Thinking About Cape Town


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In his 2010 book Ill Fares the Land, the late Tony Judt discusses how we know what things cost but we have no idea about what they are worth. Growing privatisation and commodification of our city’s public places is a worrying trend. As architects and spatial practitioners, we must play a pivotal role in ensuring that our city moves in the direction of becoming accessible to all of its residents.

The proposition that any society is only as strong as its weakest link, and an increase in global and local intolerance around economic inequality, highlights the need for a critical reevaluation of our present growth model for Cape Town.

Cape Town’s present mantra of ‘development at all costs’ is problematic at many levels (refer to Fig. 1). The roll out of exclusively private developments actively contributes to the erosion of our public realm (refer to Fig. 1). If our common, shared places and facilities are devalued by society and replaced by private services (available only to some of us), we will: “…lose the sense that common interests and common needs ought to trump private preferences and individual advantage.”

Figure 1: Privatisation of the street edge erodes the public realm

Zoning of projects in Cape Town into singular uses adds to the high degree of segregation that still dominates our city (refer to Fig.2). What we need for the richness of public well-being are shared places and programs that allow us to (re)connect with each other. Open Streets is a program that exemplifies this idea in action.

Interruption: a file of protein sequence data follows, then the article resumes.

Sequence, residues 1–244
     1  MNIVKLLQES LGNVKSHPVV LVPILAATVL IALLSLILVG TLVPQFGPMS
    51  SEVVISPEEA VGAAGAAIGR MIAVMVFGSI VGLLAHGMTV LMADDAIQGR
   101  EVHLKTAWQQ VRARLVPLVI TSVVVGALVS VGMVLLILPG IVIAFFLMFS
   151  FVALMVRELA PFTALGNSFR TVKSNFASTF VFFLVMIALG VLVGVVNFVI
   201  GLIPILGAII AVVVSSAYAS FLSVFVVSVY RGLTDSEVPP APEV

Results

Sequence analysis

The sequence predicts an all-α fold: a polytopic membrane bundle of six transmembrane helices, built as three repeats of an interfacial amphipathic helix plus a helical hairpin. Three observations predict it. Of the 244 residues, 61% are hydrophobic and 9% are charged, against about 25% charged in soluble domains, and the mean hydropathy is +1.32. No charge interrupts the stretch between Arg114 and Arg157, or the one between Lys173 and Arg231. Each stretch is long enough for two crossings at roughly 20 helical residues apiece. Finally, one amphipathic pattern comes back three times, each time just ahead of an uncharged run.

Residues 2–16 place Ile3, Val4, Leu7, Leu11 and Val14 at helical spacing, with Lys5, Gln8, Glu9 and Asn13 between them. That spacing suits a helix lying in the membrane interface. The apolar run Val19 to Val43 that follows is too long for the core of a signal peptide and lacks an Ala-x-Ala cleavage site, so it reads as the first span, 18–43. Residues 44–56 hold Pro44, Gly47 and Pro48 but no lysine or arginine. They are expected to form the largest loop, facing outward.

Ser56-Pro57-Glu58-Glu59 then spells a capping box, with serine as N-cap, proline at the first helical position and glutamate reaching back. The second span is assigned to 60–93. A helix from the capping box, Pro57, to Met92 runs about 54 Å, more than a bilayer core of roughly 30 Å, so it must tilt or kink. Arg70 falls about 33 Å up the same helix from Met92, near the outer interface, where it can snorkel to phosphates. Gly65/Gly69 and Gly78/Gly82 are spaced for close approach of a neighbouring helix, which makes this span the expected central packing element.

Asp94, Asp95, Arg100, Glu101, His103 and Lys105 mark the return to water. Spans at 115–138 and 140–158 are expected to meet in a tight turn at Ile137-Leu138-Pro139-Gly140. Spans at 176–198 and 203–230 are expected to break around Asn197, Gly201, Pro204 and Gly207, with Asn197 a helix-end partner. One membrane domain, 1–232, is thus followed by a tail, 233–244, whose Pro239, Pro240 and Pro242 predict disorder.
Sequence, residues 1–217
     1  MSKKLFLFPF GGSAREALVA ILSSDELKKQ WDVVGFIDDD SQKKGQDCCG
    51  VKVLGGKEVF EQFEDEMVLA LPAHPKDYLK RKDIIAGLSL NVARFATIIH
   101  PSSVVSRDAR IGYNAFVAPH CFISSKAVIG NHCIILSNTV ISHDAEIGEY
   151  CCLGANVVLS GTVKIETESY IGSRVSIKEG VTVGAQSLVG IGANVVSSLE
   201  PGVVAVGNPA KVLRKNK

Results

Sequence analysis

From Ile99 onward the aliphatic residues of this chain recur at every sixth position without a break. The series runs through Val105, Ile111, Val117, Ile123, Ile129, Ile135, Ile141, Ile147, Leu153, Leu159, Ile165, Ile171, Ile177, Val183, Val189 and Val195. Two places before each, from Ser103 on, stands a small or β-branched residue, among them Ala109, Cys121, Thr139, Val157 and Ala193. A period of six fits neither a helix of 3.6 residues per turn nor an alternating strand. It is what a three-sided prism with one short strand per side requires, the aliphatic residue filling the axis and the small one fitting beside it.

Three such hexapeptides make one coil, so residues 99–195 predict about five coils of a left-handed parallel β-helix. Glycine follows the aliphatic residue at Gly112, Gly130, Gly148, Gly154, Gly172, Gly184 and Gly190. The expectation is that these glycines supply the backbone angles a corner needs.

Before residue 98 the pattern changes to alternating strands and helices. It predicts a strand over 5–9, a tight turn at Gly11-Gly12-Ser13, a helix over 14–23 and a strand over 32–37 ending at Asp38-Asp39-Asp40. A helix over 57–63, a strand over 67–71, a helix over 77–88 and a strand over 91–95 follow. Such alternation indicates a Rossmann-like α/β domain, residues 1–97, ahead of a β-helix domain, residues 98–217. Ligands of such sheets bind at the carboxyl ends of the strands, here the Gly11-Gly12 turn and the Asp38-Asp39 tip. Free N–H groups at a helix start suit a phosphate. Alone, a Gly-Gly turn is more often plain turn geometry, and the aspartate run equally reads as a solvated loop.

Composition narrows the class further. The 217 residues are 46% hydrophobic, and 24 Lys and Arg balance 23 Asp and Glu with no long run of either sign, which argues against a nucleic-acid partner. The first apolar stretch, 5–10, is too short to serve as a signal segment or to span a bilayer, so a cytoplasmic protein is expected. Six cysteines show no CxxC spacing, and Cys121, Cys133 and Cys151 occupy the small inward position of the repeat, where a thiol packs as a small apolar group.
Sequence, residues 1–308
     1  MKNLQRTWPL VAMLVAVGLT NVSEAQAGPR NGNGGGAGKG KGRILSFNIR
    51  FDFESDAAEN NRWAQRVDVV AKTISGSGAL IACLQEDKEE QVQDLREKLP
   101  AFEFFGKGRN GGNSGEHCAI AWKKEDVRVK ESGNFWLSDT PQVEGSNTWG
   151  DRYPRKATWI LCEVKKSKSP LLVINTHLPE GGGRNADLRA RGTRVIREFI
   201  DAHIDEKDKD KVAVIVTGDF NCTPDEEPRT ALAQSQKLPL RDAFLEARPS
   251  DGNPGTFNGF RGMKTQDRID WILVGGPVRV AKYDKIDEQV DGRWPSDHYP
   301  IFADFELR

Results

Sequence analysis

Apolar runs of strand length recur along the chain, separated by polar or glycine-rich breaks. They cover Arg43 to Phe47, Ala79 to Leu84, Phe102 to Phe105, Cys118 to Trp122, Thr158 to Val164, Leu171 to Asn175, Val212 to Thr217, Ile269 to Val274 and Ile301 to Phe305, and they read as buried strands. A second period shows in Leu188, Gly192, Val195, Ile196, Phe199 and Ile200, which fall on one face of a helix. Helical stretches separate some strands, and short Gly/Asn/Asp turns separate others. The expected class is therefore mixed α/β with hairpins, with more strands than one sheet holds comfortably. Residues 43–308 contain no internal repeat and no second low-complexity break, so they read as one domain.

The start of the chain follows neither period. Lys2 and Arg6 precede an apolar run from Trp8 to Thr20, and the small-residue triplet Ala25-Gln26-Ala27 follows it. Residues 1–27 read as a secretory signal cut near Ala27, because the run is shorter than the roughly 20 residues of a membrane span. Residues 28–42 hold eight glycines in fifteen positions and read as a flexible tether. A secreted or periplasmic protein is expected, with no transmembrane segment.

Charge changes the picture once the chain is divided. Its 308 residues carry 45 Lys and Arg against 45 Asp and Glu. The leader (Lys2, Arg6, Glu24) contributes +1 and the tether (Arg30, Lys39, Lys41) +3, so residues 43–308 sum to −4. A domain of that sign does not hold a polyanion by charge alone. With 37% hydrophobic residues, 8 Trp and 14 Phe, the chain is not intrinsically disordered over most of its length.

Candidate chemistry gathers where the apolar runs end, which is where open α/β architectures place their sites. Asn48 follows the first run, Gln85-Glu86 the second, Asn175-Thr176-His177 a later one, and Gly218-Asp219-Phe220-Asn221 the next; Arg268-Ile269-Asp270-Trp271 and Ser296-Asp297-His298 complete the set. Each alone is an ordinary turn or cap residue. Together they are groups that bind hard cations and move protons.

Figure 2: Singular use buildings with no contribution to the public realm breaks down opportunity for a more ‘just city’

Toni Griffin is an architect and planner at the Max Bond Center on Design for the Just City at the Spitzer School of Architecture in New York. She talks about the ‘just city’ as a set of urban conditions that contribute to our collective cultural well-being (refer to Fig. 3 and Fig.4).

Figure 3: Emphasis placed on the pedestrian  contributes to our collective cultural well-being.

Figure 4: Diversity and participation in the public realm

From this institute’s extensive workshopping and gathering of stories from various global communities, the following form some key criteria to achieving this:

Equity and Access: Proximity and access to good quality public facilities such as parks, clinics, schools or markets.

Choice: The ability for all communities to make selections among a variety of options including places, programs, amenities.

Connectivity: A knowledge network tying people and places together, providing access and information for all Capetonians.

Ownership/Agency: The ability to have a stake in a process, outcome or material good, such as property.

Diversity: Acceptance of different programs, people and cultural norms in the built environment and decision-making processes.

Participation: The requirement and acceptance of different voices and the active engagement of both Individuals and communities in matters affecting social and spatial well-being.

Intentional inclusion with a commitment to listen: In order for public place to foster integration, fellowship and safety.

Beauty: Everyone’s right to well-made, well-designed environments.

As spatial practitioners we are well placed to play an active role in mediating between the private and public interests of the built environment: “..it is clear.. that spatial production belongs to a much wider group of actors – from artists to users, from politicians to builders with a diverse range of skills and interests.”

[1] Judt, T. 2010. Ill Fares the Land, Penguin Group, London
[1] Judt, T. 2010. Ill Fares the Land, Penguin Group, London
*All images courtesy of CCNIArchitects

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